The night the earth moved for me
In part two of her “Sleeping Around in Tararua” series, HILARY PEDERSEN goes in search of an earth-moving experience – and finds it.
Snuggled up in an extremely comfortable double bed, encased by a thick, maroon and cream checked duvet and matching pillows, sleep came quickly.
A couple of hours later, the rumbling. Distant at first, coming steadily closer – and closer. Outside lit up like a Christmas tree. Floor vibrating. Engulfed by noise. Crescendo. Moment passes. The rhythmic thunkety-thunk, thunkety-thunk dies away. Vibrating stops. Nothing left but a lingering whiff of dust, and then the total silence of a rural village 2am night.
I however, had achieved my objective. Yes the earth had indeed moved and I had finally undergone a bedtime experience on the Ormondville Railway Station.
I say finally because it’s been a long-time intention. Something about reconnecting with Ormondville and pushing a personal boundary at the same time. Writing this series provided the perfect opportunity.
In fact the earth moved several times that night, probably about four. Mostly the trains were heading north, but it was the southbound one coming slowly up the cutting after the viaduct and then gathering speed as it headed south into the station that made the impact.
As sleepovers go this is as novel as you get and congratulations to the Ormondville Rail Preservation Group for their enterprising use of a heritage award-winning site.
The station buildings which date back to 1880 have been restored, renovated and refurbished to become a live-in museum virtual reality at its most genuine. And if the 50s décor seems on the dingy side that’s only because of its authenticity.
I retired for the evening to the old Post Office. Lowering the Holland blinds as night fell, switching on the standard lamp, and sitting amongst the old photographs, tablet machines, authentic floor coverings and technology of the day, I settled down to read the visitors’ book.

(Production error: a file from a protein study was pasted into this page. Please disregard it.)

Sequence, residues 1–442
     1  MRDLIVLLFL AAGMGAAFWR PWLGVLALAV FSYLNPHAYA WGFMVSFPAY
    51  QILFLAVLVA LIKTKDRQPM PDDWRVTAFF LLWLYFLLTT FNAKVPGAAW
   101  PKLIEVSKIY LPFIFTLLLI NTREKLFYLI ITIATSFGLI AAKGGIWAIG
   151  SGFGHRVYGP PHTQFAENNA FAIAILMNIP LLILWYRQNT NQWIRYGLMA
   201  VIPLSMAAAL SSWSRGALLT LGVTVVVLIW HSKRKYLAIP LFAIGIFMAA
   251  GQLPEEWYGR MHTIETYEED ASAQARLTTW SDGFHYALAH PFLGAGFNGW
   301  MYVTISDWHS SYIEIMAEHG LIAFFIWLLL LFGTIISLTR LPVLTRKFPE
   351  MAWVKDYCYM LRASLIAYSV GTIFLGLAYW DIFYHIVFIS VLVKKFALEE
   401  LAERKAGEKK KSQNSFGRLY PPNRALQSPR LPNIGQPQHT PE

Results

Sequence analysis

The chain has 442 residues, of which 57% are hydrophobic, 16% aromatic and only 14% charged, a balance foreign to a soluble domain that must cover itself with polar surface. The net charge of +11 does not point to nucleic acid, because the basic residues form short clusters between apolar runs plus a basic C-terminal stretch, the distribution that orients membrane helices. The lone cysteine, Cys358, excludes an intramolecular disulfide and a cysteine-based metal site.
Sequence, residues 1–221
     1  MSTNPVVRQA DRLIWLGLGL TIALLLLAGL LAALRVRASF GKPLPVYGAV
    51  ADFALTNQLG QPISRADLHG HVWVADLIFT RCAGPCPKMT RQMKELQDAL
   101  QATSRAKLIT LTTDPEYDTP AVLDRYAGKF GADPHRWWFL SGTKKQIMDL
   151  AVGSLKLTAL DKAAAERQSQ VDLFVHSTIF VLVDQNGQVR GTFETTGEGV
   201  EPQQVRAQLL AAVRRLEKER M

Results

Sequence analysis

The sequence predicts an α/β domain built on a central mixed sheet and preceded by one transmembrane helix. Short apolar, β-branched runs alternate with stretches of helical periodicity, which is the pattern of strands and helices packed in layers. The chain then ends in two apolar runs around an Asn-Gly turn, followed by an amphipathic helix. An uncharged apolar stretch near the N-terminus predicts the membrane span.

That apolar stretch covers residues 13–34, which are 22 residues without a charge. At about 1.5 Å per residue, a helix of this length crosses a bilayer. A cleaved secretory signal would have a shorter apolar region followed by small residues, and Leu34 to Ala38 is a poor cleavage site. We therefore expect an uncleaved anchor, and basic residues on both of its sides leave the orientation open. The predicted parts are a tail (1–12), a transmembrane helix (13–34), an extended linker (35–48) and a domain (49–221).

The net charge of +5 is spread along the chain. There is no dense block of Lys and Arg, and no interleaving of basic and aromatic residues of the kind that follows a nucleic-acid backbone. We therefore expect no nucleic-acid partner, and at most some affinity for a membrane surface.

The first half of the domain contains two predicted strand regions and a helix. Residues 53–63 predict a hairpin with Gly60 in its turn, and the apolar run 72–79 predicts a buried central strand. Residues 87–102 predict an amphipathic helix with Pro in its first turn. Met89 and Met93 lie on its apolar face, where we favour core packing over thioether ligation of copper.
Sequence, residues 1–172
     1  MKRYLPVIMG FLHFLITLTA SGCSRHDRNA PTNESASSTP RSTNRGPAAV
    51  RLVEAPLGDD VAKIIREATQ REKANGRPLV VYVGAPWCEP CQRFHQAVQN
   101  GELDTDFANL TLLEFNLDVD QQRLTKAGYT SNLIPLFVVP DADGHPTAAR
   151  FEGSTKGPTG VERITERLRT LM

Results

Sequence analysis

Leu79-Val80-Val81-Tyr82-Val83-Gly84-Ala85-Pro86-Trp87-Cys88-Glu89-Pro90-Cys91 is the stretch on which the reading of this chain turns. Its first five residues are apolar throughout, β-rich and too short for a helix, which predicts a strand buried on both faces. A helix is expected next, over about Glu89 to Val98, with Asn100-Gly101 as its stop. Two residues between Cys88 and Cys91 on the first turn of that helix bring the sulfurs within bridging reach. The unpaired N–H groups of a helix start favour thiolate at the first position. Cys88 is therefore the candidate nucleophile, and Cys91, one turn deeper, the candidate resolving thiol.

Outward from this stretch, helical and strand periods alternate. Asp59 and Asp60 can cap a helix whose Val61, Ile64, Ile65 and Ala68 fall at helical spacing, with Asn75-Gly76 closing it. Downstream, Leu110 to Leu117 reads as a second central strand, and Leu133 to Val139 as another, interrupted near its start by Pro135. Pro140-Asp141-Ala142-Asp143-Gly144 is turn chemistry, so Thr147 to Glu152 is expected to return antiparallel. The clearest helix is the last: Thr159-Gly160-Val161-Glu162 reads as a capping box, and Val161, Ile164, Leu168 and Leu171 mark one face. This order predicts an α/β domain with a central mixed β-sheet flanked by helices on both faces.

This dates from February ’95 and appreciative comments from around the world and New Zealand wide too are contained in its pages.
Among them, “Where else does the ground shake three times on a Friday night; where can you open the doors to railway wagons and cows grazing where fishing rivers are numerous (and where) hot bacon and onion scones are served?” Signed Paul Gittins, Epitaph 15.7.98. Gittins hosted the televised makeover of the infamous Edwards Murder of the 1880s, a story I’ve written about several times in the past.
Adding to Paul Gittins’ comments, I would ask: where else would you wipe your hands on an old New Zealand railways towel after a trip to the loo or eat your breakfast off railway china?
And if you were the occupant of the top bunk in the old waiting room – which also contains old luggage scales and a suitcase-laden trolley – where else would you have access to such riveting bedtime reading as the NZR Standard Drawings for Privies and Urinals for 5th Class Stations Class B?.
The loo, by the way, is through the ladies waiting room and despite still being designated the ladies toilet, it’s – horror of horrors for crinolined, Victorian forebears – now unisex.